The feedback network of the present invention represents a marked improvement over conventional devices which required a capacitance coupled between the terminals 23 and 24 and another inductance across the terminals of the primary winding 37a of the feedback transformer 37. By eliminating the requirement for a capicator coupled across output terminals 23 and 24, the required size of the feedback inductor 47 is decreased. Even so, the feedback network 36 still performs the function of stablizing oscillator operation by retarding phase with increasing frequency and advancing phase with decreasing frequency at the RF transformer output lines 34 and 35. The feedback network 36 stablizes the operation of the oscillatory circuit 22 without adding capacitance to the output and without requiring the power inductor 49 to be physically as large as would otherwise be required. To the contrary, the individual components of the feedback network 36 are relatively small.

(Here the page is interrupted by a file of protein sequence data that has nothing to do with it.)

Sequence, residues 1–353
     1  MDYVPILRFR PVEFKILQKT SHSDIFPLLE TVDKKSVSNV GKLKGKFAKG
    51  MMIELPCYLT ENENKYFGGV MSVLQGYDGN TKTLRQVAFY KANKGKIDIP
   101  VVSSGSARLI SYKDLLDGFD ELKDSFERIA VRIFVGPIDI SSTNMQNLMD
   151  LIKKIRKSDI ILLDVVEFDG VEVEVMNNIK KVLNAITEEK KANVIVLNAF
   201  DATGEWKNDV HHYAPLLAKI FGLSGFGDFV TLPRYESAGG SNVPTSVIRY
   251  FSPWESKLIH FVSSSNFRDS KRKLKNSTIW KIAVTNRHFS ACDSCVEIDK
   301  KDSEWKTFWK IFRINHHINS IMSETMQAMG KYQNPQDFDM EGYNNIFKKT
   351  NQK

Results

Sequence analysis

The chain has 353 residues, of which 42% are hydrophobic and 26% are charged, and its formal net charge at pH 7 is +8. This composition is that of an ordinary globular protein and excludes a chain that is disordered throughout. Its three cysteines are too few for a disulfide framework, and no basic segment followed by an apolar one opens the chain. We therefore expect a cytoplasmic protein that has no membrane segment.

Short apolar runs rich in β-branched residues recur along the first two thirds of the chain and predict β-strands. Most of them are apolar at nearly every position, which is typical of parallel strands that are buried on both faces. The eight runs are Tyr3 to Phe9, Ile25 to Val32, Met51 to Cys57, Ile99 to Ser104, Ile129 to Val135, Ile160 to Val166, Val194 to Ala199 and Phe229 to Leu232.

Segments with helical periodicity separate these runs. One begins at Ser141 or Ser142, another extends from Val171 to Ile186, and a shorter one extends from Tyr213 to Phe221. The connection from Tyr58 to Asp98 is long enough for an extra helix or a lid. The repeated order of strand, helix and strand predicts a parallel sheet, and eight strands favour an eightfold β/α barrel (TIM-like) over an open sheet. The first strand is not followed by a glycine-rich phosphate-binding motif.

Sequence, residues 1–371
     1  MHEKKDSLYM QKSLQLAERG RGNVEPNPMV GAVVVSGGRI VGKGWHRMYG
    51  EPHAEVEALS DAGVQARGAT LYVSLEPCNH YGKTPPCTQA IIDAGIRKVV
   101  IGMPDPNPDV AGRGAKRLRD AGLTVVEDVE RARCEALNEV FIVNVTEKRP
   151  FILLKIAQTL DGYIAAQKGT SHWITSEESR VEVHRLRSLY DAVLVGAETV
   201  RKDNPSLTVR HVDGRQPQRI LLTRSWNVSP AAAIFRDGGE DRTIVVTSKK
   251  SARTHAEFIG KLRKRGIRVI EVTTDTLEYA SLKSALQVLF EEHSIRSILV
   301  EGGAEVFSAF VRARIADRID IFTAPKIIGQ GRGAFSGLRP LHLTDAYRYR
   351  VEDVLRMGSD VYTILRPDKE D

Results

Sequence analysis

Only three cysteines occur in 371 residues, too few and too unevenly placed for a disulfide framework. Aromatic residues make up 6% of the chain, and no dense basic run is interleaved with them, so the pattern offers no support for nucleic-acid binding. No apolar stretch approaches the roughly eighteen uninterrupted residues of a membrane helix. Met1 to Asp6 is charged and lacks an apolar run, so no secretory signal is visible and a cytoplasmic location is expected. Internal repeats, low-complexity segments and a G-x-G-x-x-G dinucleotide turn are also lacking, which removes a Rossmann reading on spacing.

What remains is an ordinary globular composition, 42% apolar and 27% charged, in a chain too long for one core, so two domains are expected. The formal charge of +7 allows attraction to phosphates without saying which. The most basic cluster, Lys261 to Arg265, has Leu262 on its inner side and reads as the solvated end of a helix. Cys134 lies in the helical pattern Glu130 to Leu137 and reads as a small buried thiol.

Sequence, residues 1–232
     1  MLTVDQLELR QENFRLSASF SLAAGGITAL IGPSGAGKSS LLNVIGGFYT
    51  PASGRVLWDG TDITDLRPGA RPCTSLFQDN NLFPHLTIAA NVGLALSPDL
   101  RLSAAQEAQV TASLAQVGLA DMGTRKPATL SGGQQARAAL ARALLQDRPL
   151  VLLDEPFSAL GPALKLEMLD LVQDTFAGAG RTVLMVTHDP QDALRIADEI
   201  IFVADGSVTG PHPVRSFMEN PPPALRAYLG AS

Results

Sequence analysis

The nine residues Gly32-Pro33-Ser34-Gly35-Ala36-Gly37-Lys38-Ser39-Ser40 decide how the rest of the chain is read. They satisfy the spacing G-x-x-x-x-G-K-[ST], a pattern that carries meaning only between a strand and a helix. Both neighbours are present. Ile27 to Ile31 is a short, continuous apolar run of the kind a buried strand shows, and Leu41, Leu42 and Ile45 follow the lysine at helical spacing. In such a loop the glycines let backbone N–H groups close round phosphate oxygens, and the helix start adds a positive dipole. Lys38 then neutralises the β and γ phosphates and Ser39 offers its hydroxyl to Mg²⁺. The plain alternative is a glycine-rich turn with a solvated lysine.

In the feedback network 36, the load current through the transducer crystals 26 is indicated as I. Treating the actual secondary windings 37b and 37c as a single winding with an equivalent load, as indicated by the phantom structure including the resistor 48, the ratio of the primary winding to the single equivalent secondary winding of the transformer 37 may be set at 1:1 for simplicity. In a typical circuit configuration, the value of the resistor 45 is two ohms while the capacitor 46 is rated at 1.1 microfarads. The effective resistance 48 is about 0.15 ohms. Feedback inductance 47 is preferably adjustable so that the oscillatory circuit 22 may be operated at different target frequencies.